Dabrowsky recognized this when he formulated his theory of positive disintegration. His theory seeks to describe personality formation, but extends to descriptive characteristics of people with high talent and consciousness. He suggested that these folks often see possibility in everything; they are said to possess “overexcitabilities.” These may be of an intellectual nature, sensual nature, emotional nature or even others. These overexcitabilities can sometimes take people to the point of being paralyzed and unable to act upon anything. These are people with great potential! People regarded as smart and capable of contributing to society in unique and meaningful ways. And these are the guys being thwarted by their own abilities! What are we, as a society, missing out on by not nurturing these folks to the point of sustainable action? An even bigger question is what can we do about it?

I’m great at posing questions; not so great at offering answers. But on this topic, I have a few ideas.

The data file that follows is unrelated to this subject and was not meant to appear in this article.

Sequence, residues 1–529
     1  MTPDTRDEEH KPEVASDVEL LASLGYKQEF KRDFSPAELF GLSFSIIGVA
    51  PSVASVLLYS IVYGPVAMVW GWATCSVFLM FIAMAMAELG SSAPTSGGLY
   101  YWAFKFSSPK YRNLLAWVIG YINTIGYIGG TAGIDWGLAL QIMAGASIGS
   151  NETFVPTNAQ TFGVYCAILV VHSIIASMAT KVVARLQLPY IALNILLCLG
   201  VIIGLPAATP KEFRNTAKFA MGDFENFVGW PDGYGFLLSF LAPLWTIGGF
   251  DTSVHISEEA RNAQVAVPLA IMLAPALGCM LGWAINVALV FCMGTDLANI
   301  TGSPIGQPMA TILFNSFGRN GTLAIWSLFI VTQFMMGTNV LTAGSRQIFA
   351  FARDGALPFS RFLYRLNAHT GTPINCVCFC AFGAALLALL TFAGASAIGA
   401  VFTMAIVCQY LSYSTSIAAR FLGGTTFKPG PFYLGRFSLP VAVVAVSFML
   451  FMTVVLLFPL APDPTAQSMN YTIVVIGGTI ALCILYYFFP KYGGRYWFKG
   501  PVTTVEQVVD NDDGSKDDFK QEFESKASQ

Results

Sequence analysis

When a student in school is first identified as having a learning disability, there is a great flurry of activity. Parents are notified, meetings are held, pamphlets about the disability are given out, counseling referrals are offered, and accommodating class changes are proposed. Parents and caregivers tend to regard the news seriously, and recognize that their student’s success depends in part upon their investment. They know they will have to go a bit further.

In contrast, when a student in school is identified as gifted, the situation is a bit different. Parents are certainly notified and sometimes, accommodating class and educational changes are proposed. But by and large, parents often go home pleased as punch and breathe a proud sigh of relief that gives away a certainty that their student will be successful in school and life. This is where we’re missing the boat.